Yankees Walk Away With It


Chuck Finley’s luck is getting better. The Angels’ luck, as always, is a given.

The Angels got eight shutout innings from Finley on Thursday night but couldn’t muster a run and paid for it. The New York Yankees simply waited out their nemesis, then beat the Angel bullpen.

Tino Martinez’s two-run double in the 10th inning broke a scoreless tie, propelling the New York Yankees to a 3-0 victory in front of 42,915 at Edison Field.

On the upside for the Angels, Finley wasn’t carried off on a stretcher.


“It’s great to look up in the eighth inning and see him still on the mound,” Angel Manager Terry Collins said. “Any time you get a performance like we did from Chuck, against them, and a couple of chances to win the game, it’s really tough [to lose].”

Finley struck out nine and gave up only four hits. It was the type of performance the Angels would like to see more of, which is why they are still looking to deal for a pitcher before tonight’s trading deadline.

They are one of four teams in the running for Toronto’s Juan Guzman, who kept the Angels in first place by shutting out the Texas Rangers on Thursday. The Angels are also interested in St. Louis’ Todd Stottlemyre, Montreal’s Carlos Perez and Kansas City’s Tim Belcher.

The starting pitching wasn’t a problem Thursday. It was the bullpen that let the Angels down Thursday. Rich DeLucia entered and walked three consecutive batters to start the 10th. Mike Holtz followed and Martinez, who had left the bases loaded in the third, ripped a double into the right-field corner. Chad Curtis’ sacrifice fly scored a third run.


But the Angels did get Finley through without incident. It was something to grasp.

“It’s been a while since I’ve seen him with that kind of command,” Collins said.

Heck, it’s been a while since he’d seen Finley on his feet.

Finley has been drilled by line drives four times this season, once while sitting in the dugout.


The most recent came in his last start, when a Jeff King line drive ricocheted off Finley’s elbow, knocking him out of the game in the third inning. In the start before that, Finley left in the fourth after ripping a gash in his right knee when he lost his footing covering first base.

Add those to last season’s mishaps--the tumble he took backing up home plate (broken wrist) and the bat that hit him in the eye (another broken bone)--and it’s little wonder that the mere mention of Finley’s name makes his teammates nervous.

“Chuck? The man in the plastic bubble?” shortstop Gary DiSarcina said.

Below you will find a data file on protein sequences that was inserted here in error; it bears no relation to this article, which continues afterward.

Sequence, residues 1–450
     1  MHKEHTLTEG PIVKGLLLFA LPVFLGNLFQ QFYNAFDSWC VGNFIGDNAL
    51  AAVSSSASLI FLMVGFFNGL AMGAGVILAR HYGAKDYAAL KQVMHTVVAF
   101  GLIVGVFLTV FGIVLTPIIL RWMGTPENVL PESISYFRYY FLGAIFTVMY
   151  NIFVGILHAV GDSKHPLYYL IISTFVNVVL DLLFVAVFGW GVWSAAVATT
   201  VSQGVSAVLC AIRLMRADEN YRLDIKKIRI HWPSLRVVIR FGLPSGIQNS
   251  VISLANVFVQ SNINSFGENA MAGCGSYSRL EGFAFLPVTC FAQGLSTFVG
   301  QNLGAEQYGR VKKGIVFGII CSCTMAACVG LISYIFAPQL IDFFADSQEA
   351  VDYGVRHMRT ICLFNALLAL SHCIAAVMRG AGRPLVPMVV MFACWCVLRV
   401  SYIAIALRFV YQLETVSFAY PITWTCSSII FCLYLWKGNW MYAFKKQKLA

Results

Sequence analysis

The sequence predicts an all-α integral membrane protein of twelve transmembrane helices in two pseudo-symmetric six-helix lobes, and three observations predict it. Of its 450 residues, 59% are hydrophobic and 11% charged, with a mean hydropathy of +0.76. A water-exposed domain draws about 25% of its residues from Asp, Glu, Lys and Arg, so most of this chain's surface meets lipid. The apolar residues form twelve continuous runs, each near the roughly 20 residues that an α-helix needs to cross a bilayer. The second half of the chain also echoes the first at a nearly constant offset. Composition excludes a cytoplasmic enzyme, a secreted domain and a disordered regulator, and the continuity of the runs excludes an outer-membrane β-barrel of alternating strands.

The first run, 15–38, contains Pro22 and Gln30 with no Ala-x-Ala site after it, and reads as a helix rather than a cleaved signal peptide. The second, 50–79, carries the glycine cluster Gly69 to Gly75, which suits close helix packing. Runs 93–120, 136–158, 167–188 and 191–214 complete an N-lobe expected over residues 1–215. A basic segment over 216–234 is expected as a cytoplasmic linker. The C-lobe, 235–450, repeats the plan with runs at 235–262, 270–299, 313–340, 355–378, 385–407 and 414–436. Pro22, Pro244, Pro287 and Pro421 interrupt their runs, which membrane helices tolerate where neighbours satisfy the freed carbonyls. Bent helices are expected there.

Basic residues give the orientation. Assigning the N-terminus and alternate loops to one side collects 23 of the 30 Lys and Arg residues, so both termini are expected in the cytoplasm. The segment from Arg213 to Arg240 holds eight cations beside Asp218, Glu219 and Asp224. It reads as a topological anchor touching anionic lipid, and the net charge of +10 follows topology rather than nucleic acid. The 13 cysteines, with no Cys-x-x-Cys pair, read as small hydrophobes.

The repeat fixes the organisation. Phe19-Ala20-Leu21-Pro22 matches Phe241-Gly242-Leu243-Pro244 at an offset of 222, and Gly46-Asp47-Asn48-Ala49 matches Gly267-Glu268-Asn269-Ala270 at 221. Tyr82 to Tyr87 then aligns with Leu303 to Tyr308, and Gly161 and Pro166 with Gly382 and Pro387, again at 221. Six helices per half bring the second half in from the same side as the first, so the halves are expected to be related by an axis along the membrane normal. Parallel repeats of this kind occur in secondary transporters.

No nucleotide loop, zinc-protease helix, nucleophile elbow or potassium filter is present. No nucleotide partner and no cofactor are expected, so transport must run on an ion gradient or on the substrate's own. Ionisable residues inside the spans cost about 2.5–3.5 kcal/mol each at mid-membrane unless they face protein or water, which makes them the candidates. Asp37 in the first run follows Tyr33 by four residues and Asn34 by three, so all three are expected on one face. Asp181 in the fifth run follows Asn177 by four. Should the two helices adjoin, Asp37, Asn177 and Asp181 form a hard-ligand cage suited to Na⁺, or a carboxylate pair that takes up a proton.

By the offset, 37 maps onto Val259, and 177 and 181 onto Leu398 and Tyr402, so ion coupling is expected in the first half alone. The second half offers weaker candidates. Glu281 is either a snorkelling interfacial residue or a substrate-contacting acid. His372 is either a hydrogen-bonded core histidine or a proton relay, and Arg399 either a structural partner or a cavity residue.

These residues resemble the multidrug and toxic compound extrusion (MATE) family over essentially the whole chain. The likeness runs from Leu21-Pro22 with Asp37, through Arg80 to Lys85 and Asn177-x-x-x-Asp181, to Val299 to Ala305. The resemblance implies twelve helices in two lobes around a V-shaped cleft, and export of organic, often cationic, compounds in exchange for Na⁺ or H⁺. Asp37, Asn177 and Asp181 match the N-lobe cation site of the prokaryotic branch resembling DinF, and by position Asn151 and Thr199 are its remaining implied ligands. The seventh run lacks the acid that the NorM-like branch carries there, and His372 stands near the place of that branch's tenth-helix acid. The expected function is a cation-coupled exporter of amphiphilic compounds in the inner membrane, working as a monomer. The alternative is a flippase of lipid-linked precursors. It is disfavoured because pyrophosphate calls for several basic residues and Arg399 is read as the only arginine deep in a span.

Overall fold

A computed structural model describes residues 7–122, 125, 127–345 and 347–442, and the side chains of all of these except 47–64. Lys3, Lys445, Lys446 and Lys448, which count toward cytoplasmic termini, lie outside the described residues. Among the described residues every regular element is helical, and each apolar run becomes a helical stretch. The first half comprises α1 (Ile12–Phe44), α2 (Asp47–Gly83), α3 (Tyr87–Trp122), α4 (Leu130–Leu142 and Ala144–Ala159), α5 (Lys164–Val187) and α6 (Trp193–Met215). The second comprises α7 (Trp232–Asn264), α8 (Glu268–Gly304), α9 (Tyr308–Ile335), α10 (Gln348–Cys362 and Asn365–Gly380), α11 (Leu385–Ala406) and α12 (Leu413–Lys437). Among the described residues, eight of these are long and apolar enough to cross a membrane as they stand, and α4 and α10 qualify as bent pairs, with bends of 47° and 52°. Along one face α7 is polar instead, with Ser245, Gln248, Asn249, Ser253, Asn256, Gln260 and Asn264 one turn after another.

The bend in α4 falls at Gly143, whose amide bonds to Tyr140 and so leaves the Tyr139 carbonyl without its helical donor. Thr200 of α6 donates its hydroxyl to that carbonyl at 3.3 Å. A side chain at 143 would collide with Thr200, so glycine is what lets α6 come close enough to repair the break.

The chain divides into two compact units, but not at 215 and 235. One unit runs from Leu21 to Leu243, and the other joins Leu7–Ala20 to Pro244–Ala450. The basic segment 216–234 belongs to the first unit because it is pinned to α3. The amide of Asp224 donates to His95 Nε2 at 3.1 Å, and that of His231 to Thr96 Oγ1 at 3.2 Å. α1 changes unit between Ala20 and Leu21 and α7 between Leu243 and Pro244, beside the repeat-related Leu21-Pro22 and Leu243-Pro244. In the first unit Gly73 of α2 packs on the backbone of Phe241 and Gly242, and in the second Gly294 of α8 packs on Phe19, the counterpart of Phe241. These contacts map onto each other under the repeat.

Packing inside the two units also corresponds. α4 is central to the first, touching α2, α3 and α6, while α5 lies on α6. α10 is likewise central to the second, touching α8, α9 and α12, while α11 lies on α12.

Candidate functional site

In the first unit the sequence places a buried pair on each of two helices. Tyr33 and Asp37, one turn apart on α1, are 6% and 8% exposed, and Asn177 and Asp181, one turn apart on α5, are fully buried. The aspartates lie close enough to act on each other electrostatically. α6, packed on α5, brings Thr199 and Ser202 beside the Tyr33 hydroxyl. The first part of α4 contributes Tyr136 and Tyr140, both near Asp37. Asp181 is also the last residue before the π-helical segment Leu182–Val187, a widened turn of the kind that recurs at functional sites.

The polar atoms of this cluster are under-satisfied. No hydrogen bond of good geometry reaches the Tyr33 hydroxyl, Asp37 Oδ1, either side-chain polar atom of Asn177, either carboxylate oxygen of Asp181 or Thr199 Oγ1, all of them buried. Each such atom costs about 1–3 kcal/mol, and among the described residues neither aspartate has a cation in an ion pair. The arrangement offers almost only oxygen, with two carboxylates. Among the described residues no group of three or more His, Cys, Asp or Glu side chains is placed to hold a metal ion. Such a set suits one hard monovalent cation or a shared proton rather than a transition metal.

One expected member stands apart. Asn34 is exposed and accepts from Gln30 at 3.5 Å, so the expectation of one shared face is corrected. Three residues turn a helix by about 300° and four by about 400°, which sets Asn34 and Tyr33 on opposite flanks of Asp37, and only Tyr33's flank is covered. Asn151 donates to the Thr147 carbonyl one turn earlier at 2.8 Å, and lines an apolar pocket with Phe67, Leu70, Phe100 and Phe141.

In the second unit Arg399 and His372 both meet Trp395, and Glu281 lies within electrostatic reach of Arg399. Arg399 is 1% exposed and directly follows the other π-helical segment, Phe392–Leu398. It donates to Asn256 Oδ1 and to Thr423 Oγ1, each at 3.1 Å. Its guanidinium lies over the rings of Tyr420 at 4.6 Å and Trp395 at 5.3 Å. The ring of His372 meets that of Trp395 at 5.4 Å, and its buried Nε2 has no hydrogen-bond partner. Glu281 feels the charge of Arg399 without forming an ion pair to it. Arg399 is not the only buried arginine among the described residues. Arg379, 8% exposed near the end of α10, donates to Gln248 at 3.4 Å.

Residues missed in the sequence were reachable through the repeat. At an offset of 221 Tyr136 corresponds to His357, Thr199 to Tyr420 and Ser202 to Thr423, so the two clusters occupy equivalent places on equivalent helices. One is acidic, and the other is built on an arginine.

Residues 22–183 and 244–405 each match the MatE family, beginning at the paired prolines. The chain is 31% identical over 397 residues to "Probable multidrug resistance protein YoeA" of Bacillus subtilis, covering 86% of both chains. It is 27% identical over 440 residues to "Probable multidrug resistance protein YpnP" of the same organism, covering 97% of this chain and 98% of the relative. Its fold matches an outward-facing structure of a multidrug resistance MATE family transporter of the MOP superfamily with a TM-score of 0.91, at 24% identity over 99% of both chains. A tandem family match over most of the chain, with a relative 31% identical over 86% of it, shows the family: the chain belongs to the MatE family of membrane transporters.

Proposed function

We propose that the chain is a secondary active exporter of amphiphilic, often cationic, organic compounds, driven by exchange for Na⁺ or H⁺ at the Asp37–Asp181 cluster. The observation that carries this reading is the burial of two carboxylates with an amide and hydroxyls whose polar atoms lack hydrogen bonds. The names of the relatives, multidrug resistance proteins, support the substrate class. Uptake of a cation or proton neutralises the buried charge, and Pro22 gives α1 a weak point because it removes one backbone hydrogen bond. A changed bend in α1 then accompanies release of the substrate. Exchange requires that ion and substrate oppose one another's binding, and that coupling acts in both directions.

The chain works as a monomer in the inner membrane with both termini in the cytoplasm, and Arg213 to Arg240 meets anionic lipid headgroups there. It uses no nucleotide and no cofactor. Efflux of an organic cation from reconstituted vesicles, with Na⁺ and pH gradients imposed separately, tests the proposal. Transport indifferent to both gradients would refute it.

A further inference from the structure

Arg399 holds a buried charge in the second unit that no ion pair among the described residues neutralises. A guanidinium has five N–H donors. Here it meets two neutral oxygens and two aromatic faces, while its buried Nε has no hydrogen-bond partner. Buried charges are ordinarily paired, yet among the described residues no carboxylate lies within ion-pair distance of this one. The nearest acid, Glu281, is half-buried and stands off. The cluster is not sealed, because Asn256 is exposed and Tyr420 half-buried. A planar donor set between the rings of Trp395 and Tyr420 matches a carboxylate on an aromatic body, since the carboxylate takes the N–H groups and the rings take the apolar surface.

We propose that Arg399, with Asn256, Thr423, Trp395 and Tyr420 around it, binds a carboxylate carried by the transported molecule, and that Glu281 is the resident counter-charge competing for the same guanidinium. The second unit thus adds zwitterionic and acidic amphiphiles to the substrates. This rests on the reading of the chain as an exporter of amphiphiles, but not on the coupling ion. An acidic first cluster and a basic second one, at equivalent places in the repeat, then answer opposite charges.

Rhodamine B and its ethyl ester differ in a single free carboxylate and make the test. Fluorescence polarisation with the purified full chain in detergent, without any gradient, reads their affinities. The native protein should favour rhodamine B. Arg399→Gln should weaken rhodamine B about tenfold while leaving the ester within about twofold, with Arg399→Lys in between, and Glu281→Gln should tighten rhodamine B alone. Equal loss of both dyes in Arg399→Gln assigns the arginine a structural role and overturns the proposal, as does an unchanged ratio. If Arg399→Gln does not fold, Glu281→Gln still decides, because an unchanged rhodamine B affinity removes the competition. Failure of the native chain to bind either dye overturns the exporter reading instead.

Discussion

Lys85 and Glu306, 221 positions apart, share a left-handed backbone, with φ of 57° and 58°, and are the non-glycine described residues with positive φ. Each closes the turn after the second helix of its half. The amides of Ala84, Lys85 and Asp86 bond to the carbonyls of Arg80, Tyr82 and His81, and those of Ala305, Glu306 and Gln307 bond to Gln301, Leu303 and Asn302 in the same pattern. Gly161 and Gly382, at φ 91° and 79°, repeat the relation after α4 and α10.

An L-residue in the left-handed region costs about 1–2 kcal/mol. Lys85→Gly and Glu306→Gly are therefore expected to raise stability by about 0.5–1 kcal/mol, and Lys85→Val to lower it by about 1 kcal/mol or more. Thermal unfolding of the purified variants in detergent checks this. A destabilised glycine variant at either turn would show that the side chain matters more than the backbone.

“He’s had so much stuff happen to him, that he’s do for some good breaks.”


His luck improved Thursday. His only bad break was the fact the Angels couldn’t get him a run. They had few opportunities against Yankee starter Andy Pettitte, who went seven innings, and squandered the ones they got.

The Angels had two on with two out in the first, but Dave Hollins struck out. They had two on with two out in the sixth, but Garret Anderson grounded out. They had two on with two out in the ninth, but Cecil Fielder grounded out.

Anderson did extend his club record hitting streak--the longest in the major leagues this season--to 27 games with a second-inning single. But he was thrown out trying to stretch it into a double.

So Finley was left to go it alone. The question was, could he?


“What [pitching coach] Marcel Lachemann and I are concerned about is what shape Chuck is in,” Collins said before the game. “He’s left a couple games early and we’ve held him out a couple times.

“But you know Chuck. He can warm up and throw 100 pitches on the first day off spring training.”

From his mouth to Finley’s ears. Finley threw 126 pitches Thursday. He gave up four hits and walked four.

This is nothing new where the Yankees are concerned. Finley is 15-8 lifetime against them and has won eight of his last nine decisions. The Yankees had two on with one out in the first, but Finley got Bernie Williams to foul out and Martinez to ground out. Finley got out of the third by striking out Martinez looking with the bases loaded.




* COLD STOVE LEAGUE: While everyone waited for the big names to move, the Braves acquired Greg Colbrunn and the Red Sox got Mike Stanley. C10